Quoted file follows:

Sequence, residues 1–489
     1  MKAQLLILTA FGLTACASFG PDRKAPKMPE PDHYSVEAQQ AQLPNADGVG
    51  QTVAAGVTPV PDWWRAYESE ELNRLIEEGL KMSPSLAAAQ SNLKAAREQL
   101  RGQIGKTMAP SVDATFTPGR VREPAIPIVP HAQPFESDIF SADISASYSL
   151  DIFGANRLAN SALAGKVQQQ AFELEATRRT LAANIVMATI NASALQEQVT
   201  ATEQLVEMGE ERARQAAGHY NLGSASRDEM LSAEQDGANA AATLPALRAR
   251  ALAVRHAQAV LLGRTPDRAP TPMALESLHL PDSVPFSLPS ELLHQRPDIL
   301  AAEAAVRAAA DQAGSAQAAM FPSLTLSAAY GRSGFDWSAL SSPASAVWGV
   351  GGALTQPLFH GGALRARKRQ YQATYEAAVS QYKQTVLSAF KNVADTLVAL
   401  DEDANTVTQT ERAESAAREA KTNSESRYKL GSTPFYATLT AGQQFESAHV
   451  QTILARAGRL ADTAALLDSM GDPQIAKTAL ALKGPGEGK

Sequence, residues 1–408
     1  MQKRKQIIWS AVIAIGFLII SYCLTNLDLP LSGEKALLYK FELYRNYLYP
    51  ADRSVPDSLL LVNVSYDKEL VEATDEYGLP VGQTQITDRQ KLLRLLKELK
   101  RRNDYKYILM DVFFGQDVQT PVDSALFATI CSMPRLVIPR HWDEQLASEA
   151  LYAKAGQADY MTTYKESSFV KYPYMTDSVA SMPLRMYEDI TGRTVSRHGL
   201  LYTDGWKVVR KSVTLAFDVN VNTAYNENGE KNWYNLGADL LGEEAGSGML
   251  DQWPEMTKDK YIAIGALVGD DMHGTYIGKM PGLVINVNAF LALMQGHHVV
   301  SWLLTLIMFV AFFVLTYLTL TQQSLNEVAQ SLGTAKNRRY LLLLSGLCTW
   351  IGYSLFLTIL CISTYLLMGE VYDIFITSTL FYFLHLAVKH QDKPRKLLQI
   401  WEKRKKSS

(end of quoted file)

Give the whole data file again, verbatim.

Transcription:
Sequence, residues 1–489
     1  MKAQLLILTA FGLTACASFG PDRKAPKMPE PDHYSVEAQQ AQLPNADGVG
    51  QTVAAGVTPV PDWWRAYESE ELNRLIEEGL KMSPSLAAAQ SNLKAAREQL
   101  RGQIGKTMAP SVDATFTPGR VREPAIPIVP HAQPFESDIF SADISASYSL
   151  DIFGANRLAN SALAGKVQQQ AFELEATRRT LAANIVMATI NASALQEQVT
   201  ATEQLVEMGE ERARQAAGHY NLGSASRDEM LSAEQDGANA AATLPALRAR
   251  ALAVRHAQAV LLGRTPDRAP TPMALESLHL PDSVPFSLPS ELLHQRPDIL
   301  AAEAAVRAAA DQAGSAQAAM FPSLTLSAAY GRSGFDWSAL SSPASAVWGV
   351  GGALTQPLFH GGALRARKRQ YQATYEAAVS QYKQTVLSAF KNVADTLVAL
   401  DEDANTVTQT ERAESAAREA KTNSESRYKL GSTPFYATLT AGQQFESAHV
   451  QTILARAGRL ADTAALLDSM GDPQIAKTAL ALKGPGEGK

Sequence, residues 1–408
     1  MQKRKQIIWS AVIAIGFLII SYCLTNLDLP LSGEKALLYK FELYRNYLYP
    51  ADRSVPDSLL LVNVSYDKEL VEATDEYGLP VGQTQITDRQ KLLRLLKELK
   101  RRNDYKYILM DVFFGQDVQT PVDSALFATI CSMPRLVIPR HWDEQLASEA
   151  LYAKAGQADY MTTYKESSFV KYPYMTDSVA SMPLRMYEDI TGRTVSRHGL
   201  LYTDGWKVVR KSVTLAFDVN VNTAYNENGE KNWYNLGADL LGEEAGSGML
   251  DQWPEMTKDK YIAIGALVGD DMHGTYIGKM PGLVINVNAF LALMQGHHVV
   301  SWLLTLIMFV AFFVLTYLTL TQQSLNEVAQ SLGTAKNRRY LLLLSGLCTW
   351  IGYSLFLTIL CISTYLLMGE VYDIFITSTL FYFLHLAVKH QDKPRKLLQI
   401  WEKRKKSS